The hotel property market in Dubai should not be characterised as a bubble but rather a plastic ball that is about to be pricked and thus release air, according to Daniel Thorniley, senior vice president of the Economist Group.
Thorniley was speaking at the Arabian Hotel Investment Conference held at the weekend in Dubai and was addressing directly the fears of oversupply in that country. His metaphor, however, can be extended to the worldwide hotel industry as it nears the peak of the cycle.
The situation in Dubai is astonishing. The next five years will see a doubling of the room supply with 45,000 rooms due to come onstream. Even with the country’s double digit growth in visitor numbers, this is going to lead to a few bumps.
Currently, room rates and occupancy levels are at all time highs. HVS put last year’s occupancy at 84%, up from 82% in 2005, and rate at US$225, up from $192. This meant revpar was up 19% and gross operating profit per available room was up 32% to $183.
In any other market, the impending supply shock would devastate these numbers. But there is confidence that Dubai will hit its visitor number targets. In large part this is thanks to its “build it and they will come” approach.
Mega projects financed by the state are expected to drive tourism. They include Dubailand, a 18,500 hectare development costing $5bn.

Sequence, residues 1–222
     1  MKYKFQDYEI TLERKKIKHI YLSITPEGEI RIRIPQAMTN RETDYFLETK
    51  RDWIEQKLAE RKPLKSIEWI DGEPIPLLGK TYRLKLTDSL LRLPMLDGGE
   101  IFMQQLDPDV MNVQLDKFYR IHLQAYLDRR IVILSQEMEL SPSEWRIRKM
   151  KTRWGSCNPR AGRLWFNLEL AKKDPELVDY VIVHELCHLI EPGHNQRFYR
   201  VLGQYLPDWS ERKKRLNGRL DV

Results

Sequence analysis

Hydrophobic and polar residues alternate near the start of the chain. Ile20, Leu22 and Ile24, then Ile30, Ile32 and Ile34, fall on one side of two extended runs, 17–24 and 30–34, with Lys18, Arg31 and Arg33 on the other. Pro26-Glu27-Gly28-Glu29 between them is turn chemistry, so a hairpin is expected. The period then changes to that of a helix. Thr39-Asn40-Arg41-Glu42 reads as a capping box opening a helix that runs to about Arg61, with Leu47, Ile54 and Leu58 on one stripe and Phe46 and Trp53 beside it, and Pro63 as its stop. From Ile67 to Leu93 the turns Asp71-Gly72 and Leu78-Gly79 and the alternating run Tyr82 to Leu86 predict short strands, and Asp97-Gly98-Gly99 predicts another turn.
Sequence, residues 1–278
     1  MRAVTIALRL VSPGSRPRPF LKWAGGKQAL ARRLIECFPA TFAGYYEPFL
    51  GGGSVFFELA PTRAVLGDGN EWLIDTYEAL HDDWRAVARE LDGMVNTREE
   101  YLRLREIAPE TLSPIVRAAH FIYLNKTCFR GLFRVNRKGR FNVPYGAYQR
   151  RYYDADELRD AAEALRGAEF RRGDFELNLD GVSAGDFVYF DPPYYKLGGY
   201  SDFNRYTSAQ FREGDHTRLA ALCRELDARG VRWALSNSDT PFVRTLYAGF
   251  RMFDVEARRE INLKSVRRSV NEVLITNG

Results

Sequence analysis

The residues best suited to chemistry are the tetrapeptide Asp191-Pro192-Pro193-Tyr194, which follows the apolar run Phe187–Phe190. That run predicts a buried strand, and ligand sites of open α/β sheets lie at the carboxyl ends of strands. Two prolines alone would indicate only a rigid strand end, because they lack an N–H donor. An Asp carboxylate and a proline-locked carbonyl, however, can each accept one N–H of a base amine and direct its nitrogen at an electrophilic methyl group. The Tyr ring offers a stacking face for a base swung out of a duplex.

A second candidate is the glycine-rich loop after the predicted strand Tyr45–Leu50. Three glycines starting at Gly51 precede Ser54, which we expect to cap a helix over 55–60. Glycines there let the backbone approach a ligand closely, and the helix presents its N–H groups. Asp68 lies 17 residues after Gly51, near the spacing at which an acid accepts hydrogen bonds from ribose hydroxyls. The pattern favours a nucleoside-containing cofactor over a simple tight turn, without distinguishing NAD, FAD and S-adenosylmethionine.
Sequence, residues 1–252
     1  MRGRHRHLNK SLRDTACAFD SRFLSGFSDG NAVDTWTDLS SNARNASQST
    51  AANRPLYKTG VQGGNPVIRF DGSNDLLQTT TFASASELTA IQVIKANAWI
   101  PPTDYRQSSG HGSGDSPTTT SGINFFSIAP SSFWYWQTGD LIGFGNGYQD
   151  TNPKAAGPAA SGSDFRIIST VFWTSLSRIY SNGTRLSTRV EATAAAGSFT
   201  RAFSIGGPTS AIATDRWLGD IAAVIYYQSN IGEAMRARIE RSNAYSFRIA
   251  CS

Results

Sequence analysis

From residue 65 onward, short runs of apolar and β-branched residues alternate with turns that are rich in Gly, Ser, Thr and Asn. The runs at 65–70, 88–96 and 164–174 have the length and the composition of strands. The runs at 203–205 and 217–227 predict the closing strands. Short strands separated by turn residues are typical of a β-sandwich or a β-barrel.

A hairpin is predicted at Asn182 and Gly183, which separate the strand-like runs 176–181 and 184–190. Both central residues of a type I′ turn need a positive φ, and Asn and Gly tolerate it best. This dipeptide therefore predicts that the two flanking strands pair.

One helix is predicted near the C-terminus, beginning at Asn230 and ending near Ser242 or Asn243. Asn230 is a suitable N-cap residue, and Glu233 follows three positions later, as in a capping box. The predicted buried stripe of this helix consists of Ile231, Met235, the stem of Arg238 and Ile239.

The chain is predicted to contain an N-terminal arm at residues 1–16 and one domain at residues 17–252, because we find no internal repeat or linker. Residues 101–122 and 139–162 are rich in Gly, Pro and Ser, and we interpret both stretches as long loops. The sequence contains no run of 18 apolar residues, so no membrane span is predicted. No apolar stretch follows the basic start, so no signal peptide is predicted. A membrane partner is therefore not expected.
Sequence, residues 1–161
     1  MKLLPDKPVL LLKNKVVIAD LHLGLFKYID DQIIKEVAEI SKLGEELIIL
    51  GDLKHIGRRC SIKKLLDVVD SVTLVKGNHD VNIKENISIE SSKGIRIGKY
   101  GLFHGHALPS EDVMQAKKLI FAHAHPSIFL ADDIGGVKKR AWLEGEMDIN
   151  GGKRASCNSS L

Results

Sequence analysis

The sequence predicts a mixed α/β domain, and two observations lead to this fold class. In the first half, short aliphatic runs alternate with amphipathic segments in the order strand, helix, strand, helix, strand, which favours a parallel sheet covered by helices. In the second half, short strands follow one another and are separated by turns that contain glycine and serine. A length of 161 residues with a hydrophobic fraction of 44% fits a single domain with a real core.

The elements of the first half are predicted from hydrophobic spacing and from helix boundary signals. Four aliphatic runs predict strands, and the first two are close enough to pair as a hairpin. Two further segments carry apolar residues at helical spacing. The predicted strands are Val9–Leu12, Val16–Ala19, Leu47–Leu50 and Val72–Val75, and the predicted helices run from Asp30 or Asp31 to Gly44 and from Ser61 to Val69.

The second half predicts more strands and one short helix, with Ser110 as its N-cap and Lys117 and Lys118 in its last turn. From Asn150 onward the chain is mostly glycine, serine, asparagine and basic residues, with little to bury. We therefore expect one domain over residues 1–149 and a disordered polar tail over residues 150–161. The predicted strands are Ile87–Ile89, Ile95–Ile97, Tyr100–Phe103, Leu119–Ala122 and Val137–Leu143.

In addition, the building of hospitality infrastructure is of itself expected to attract tourism. Four man-made islands of hotels, residential and marinas are under construction.
Palm Jumeirah, Palm Jebel Ali, Palm Deira and the World are spectacular projects due for completion between 2008 and 2010.
Perhaps most gob smacking is Bawadi, a $28bn scheme that will be the world’s largest strip of hotels. Its 10km stretch will have 31 hotels with 29,200 rooms and more than 1,500 restaurants. Completion is slated in phases between 2010 and 2014.
Even so, the country cannot defy gravity forever and it is expected that as the current development pipeline of hotel rooms comes on-stream over the next couple of years, there will be a fall in revpar and profitability.
While the rest of the world is seeing such growth in neither supply nor guest numbers, there are parallels. Demand has grown ahead of supply, both generating short-term exceptional profits for those owners and operators lucky enough to already be trading and generating enthusiasm for more development.
Outside of Dubai and the Gulf, in more mature hotel markets such as Western Europe and North America, the enthusiasm has mostly been for buying existing hotel assets. But these deals are predicated on the belief that performance will continue to be buoyant.
There are no signs of a crash, but revpar growth rates are already dropping. Prepare for that ball to let out some air.